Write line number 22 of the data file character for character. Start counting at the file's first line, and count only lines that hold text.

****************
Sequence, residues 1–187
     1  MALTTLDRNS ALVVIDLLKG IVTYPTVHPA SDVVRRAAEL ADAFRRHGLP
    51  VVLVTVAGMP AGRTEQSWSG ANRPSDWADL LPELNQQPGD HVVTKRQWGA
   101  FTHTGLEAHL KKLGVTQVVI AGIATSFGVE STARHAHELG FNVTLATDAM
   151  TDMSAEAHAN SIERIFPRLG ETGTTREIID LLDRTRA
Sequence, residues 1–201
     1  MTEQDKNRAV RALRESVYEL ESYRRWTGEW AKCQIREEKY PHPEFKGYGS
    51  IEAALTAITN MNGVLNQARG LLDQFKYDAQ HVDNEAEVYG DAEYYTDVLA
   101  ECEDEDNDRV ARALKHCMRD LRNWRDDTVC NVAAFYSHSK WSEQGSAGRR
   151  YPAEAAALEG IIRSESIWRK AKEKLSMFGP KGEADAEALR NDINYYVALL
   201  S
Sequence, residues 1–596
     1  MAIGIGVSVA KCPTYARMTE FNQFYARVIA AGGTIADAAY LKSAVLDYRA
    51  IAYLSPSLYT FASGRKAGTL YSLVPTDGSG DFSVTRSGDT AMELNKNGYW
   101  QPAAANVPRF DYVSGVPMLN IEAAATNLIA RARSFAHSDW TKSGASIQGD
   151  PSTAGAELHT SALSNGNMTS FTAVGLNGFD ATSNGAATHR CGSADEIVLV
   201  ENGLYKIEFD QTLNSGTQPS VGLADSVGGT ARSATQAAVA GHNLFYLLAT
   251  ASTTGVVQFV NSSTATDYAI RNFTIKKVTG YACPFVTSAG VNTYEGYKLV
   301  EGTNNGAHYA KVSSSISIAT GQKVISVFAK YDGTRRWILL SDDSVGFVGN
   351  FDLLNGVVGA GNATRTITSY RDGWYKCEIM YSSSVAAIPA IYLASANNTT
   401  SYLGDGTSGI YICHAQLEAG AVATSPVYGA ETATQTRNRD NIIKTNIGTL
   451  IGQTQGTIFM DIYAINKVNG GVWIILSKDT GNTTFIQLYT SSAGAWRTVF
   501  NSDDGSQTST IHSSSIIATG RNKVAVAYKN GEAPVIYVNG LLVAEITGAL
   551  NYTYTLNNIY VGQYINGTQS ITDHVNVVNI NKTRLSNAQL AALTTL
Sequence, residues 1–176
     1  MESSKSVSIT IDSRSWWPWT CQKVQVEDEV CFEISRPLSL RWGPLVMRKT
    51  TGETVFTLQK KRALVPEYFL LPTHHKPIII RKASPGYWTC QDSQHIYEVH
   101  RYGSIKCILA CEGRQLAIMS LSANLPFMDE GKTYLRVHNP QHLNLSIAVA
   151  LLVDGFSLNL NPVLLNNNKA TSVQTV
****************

   451  IGQTQGTIFM DIYAINKVNG GVWIILSKDT GNTTFIQLYT SSAGAWRTVF